2. Explore a new part of the neighborhood, city, country or the world — ‘Travel’ doesn’t necessarily demand that you spend a lot of time or money. No matter where you live, take a look at neighborhoods you have never visited; plan a day trip with a friend. If you are waiting to take that long-imagined trip to Europe – or wine country – or wherever, start planning now for when it’s safe to travel again. The research itself can be a new and rewarding experience — before you even pack your suitcase.
  3. Forgo “the usual” — Dining out currently includes a whole new level of adventure as restaurants begin to reopen across the country. Before you go back to your typical pre-pandemic meal, branch out and try something different even at your most familiar spots.
  4. Host a multi-generational meal or book club — Invite your friends of all ages for a socially distant safe meal where everyone brings a favorite food. Or find a book that friends and family of different ages can read and discuss over a Zoom meeting.
  5. Color it up — One minor change in a hairstyle, clothing, sunglasses or other apparel can introduce a new look, even if just for a day.
  6. Take photos and give them away — Inventory the photos of friends or pets or a memorable excursion. Then, find five photos and frame them – digitally or traditionally. Display them for yourself or give the framed collection as a gift. Take a look at the many online options for photo books and other image items as well.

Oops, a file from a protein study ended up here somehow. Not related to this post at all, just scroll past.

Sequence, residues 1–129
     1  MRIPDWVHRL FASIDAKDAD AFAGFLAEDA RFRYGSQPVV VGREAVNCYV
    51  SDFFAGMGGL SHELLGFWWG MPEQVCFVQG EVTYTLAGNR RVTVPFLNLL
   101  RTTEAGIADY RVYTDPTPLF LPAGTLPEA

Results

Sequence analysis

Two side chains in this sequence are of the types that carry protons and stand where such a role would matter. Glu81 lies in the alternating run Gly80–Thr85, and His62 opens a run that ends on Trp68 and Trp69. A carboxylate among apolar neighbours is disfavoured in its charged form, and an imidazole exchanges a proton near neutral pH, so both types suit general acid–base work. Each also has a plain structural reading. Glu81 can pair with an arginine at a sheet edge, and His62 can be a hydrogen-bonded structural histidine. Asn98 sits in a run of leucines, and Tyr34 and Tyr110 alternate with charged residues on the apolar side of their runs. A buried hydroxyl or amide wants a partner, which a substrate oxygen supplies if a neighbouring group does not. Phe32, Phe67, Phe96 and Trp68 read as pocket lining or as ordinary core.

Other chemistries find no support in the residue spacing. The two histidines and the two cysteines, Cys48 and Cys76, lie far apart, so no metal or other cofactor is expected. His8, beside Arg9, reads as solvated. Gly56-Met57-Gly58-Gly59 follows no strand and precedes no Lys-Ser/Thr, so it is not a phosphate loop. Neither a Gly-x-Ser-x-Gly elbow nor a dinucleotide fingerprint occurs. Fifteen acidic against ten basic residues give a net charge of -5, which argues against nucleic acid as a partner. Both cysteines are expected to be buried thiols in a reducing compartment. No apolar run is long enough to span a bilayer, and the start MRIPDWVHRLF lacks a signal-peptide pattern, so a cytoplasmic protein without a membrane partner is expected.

7. Reach out and say hello for a week — Create a new 7-day challenge for yourself. What can you do every day for a week to connect with longtime friends? Put a list together of at least seven people to contact during the designated week. Then, email, write, text, or share a message each day with a different person on your list.
  8. Meditate — The list of physical and psychological benefits of meditation is ever-increasing. Have you tried it? Perhaps you can start with an app like Headspace, a great introduction to meditation for people who are new to the practice.
  9. Change your routine — Switching up your normal routine is a great brain-gym activity. Swap your eggs and toast for a bowl of oatmeal. Enjoy a walk around the block during your lunch hour instead of checking Facebook. Take a different route home from the grocery store.
  10. Go solo and have fun — In America, 45.2 percent, or 110.6 million people, 18 and older are unmarried, according to the U.S. Census Bureau (2017 data). Go solo — on a hike, a nice dinner, a weekend road trip, an outdoor concert, or almost any activity. Remember, it’s the new things you don’t try that you will miss the most.

Trying new things can reap myriad benefits, from expanding your horizons to building confidence. While seemingly small, they can build a strong foundation for making larger-scale change in your career, relationships and life.